Understanding Gherkin: Bridging Behaviour with Code

Rajesh Vinayagam
5 min readJan 8, 2024

In the modern era of software development, delivering high-quality software that meets user needs is paramount. To achieve this, developers and stakeholders need a common language to specify how software should behave. This is where the Gherkin language comes into play. Originating from Behaviour-Driven Development (BDD) methodology, Gherkin is a simple yet powerful language for describing software features and behaviours.

What is Gherkin?

Gherkin is a domain-specific language designed to create clear and executable specifications for software systems. It is a key component in BDD frameworks like Cucumber, SpecFlow, and Behat. The language is designed to be non-technical and human-readable, which helps bridge the communication gap between business stakeholders and the development team.

Key Features of Gherkin

  • Business Readable: Its syntax is English-like and can be understood by all stakeholders, including non-technical ones.
  • Keyword-Based: Utilizes a set of reserved keywords such as Feature, Scenario, Given, When, Then, And, But to structure the behavior descriptions.
  • Multilingual: Supports multiple languages, allowing global teams to write in their native language.
  • Executable Specifications: Gherkin scenarios can be automated and executed using BDD tools.

How Gherkin Works in Practice

  1. Write Scenarios: A developer or a business analyst writes scenarios in Gherkin language. Each scenario is a list of steps for testing a particular aspect of the system’s functionality.
  2. Automate: Tools like Cucumber read Gherkin tests and validate that the software behaves as described. Each step in a scenario is matched to a method in the code that executes the step.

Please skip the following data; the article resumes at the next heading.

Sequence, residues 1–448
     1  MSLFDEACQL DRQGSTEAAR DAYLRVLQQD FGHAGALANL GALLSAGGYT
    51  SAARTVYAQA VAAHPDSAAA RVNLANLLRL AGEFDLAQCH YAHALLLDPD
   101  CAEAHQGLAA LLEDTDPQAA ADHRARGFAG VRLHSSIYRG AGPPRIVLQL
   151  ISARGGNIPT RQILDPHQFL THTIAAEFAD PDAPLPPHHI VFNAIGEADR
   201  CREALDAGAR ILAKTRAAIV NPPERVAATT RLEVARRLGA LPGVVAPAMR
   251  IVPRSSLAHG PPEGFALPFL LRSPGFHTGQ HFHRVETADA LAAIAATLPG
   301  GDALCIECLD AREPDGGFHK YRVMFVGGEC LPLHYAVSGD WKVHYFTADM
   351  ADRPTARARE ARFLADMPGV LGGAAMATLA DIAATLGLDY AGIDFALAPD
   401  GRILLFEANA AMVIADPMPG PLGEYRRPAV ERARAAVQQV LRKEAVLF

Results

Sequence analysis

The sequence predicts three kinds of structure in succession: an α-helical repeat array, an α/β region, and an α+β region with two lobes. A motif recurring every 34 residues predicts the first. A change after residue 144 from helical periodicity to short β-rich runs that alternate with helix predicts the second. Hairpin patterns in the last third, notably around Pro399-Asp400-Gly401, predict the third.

3. Execute and Report: When Gherkin scenarios are linked with automation code, the scenarios are executed. The tools then report back on whether the software behaved as expected.

Writing Gherkin Scenarios

Gherkin scenarios are written in a structured format using the given keywords:

  • Feature: Describes the overarching feature or functionality.
  • Scenario: Outlines a specific behavior or situation.
  • Given: Provides the context or the state before the event.
  • When: Specifies the event or action.
  • Then: Describes the expected outcome.
  • And, But: Used for adding more conditions or outcomes.

Example of Gherkin Scenario

Let’s illustrate this with a simple example of a login feature.

Objective: Allow users to log into the system using a username and password.

Feature: User Login

Scenario: Successful login with valid credentials

Feature: User Login

Scenario: Successful login with valid credentials
Given the user is on the login page
When the user enters the valid username "user1" and password "password123"
And the user clicks on the login button
Then the user is redirected to the homepage
And a welcome message is displayed

In this example,

  • Feature is “User Login”. It’s a high-level description of the functionality.
  • Scenario is “Successful login with valid credentials”. It’s a specific situation or use case under this feature.
  • Given describes the initial context: The user is on the login page.
  • When describes the action: The user enters their username and password, and then clicks the login button.
  • Then describes the expected outcome: The user is redirected to the homepage and sees a welcome message.

When you write a Gherkin scenario, you’re defining what should happen, but not how it happens. The how is defined in the Glue code. For each step in your Gherkin scenario (Given, When, Then, etc.), there needs to be a corresponding method in your codebase annotated with the step’s text. These methods are what Cucumber will execute when it runs the scenario.